Wednesday, July 6, 2011

It's not enough to be in vogue.

       I'm writing this in Los Angeles. The Fall Collections issue of Paris Vogue is on the newsstands, and all seems right with the world. Carl Sandburg called Chicago the City of Broad Shoulders. This is the City of Bare Shoulders. Everyone seems to be fit, was fit, or is considering being fit tomorrow.

       With my sprained foot and cane, I'm hobbling through the morning as the beautiful people are stretching in the spas, walking with good chest-out posture along Wilshire Boulevard, and jogging breathlessly to the beach without seeming to pay much attention to the 70%-off windows in the shops.

        We who are into fashion marketing love clothes, of course, and try to be up to the minute on every nuance of fashion. We'd spend our last dime on it. But these are tough times. If people are not personally suffering from the recession, they go through the day half-prepared to be. Spending doesn't come easy.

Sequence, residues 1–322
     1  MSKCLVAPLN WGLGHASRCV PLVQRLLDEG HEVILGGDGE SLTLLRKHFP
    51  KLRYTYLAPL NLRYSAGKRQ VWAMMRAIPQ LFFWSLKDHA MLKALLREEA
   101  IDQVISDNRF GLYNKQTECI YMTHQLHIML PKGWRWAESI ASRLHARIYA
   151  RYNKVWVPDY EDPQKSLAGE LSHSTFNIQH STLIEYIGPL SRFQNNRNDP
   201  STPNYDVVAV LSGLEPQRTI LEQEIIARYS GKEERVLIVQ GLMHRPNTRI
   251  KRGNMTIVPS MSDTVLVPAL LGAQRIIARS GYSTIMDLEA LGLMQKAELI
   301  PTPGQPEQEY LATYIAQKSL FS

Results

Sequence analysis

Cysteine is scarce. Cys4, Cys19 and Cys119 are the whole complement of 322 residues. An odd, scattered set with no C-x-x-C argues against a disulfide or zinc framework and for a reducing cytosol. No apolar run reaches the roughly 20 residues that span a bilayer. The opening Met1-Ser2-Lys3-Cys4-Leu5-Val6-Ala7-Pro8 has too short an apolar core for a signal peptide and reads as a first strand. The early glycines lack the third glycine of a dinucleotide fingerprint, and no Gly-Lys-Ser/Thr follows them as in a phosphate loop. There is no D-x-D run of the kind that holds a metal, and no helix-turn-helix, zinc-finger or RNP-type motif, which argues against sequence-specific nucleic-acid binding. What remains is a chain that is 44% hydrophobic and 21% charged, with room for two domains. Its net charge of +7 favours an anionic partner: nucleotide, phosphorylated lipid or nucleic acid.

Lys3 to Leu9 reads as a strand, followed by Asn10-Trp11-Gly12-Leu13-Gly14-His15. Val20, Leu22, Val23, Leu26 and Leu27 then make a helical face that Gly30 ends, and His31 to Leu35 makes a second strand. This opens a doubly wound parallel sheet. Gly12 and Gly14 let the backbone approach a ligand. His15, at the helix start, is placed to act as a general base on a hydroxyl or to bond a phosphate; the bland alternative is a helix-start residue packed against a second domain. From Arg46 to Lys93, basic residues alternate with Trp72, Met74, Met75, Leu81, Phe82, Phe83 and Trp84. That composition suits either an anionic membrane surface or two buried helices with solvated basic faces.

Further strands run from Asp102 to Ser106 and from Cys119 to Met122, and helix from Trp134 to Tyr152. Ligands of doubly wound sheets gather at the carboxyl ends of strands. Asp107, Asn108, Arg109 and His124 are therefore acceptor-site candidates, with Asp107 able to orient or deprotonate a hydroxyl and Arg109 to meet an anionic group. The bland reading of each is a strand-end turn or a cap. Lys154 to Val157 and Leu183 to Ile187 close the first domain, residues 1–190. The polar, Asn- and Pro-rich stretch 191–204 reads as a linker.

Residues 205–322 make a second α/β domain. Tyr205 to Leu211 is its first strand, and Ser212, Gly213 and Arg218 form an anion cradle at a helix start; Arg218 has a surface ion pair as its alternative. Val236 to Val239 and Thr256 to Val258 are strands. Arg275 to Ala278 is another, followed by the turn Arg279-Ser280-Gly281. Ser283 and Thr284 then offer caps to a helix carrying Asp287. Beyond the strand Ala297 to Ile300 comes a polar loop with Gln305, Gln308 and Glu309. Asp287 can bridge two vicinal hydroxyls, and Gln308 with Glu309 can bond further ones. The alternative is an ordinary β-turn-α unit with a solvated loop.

Even the affluent are careful not to look too well off. And, of course, we Americans are always our cynical selves. It's not enough to tell us. You also have to sell us. We want reasons.  Which is something we marketeers cannot allow ourselves to forget.

       In our ads and promotions and plans, we always have to be in touch with our customers and what they're going through. They're far more important than our own goals. Research, observation, hand-holding --- whatever it takes to understand our market, we have to meet their needs in order to meet ours. That's what we marketers are paid for.

        Coco Chanel and Yves Saint Laurent were geniuses, of course, but they were also right there on the cutting edge of their culture. Anthropologists tell us that fashion is a part of culture, and we have to become students of our own.

       Read Vogue and WWD, of course, but don't stop there. Study which books are popular, which movies, which TV shows. Read and see everything you can, including The Wall Street Journal and People. 

        That last one's important, because ultimately that's where your future lies. With people.






1 comment:

  1. Very poetic and poignant. Why the sprained ankle?